A Roman dinner party conjures up images of sophisticated conversation, poetry recitations, and gentle flute music, but this is only a partial view. Some gatherings were just as likely to involve raucous drinking, naked tightrope walkers and vulgar ostentation.
Traditionally thrown in the early evening, after a visit to the baths and an afternoon of fun and games, the Roman dinner party was one of the most important pieces of social and political cement in the Republic and Empire.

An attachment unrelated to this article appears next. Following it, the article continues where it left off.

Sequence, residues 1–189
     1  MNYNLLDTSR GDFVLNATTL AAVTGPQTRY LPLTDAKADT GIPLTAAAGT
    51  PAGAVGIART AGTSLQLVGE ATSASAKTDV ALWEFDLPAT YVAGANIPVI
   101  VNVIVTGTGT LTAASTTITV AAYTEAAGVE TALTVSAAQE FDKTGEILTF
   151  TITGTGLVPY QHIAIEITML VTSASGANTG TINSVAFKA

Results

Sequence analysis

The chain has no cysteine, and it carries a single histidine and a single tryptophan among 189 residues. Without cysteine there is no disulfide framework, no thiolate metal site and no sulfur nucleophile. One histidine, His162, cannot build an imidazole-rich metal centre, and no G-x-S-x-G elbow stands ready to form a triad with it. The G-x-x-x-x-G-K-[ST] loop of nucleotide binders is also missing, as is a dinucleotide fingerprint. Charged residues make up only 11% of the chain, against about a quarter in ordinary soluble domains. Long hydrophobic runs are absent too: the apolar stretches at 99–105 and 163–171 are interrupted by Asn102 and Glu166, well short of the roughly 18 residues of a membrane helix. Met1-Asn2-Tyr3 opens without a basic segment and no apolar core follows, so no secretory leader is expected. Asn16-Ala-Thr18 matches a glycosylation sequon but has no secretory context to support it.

The classic account of a dinner comes from the time of Nero, himself well known for revolving dining rooms and ornamental wine fountains, and was left to us by an author named Petronius. His book, the Satyricon, is as the name suggests a sport of fictionalised satire with exaggerated characters and situations. The surviving section, Dinner with Trimalchio, recounts the hero’s attendance at a lavish dinner thrown by a ghastly, gauche, nuovo riche freedman. It became a central piece in the famous film version of the book directed by Federico Fellini.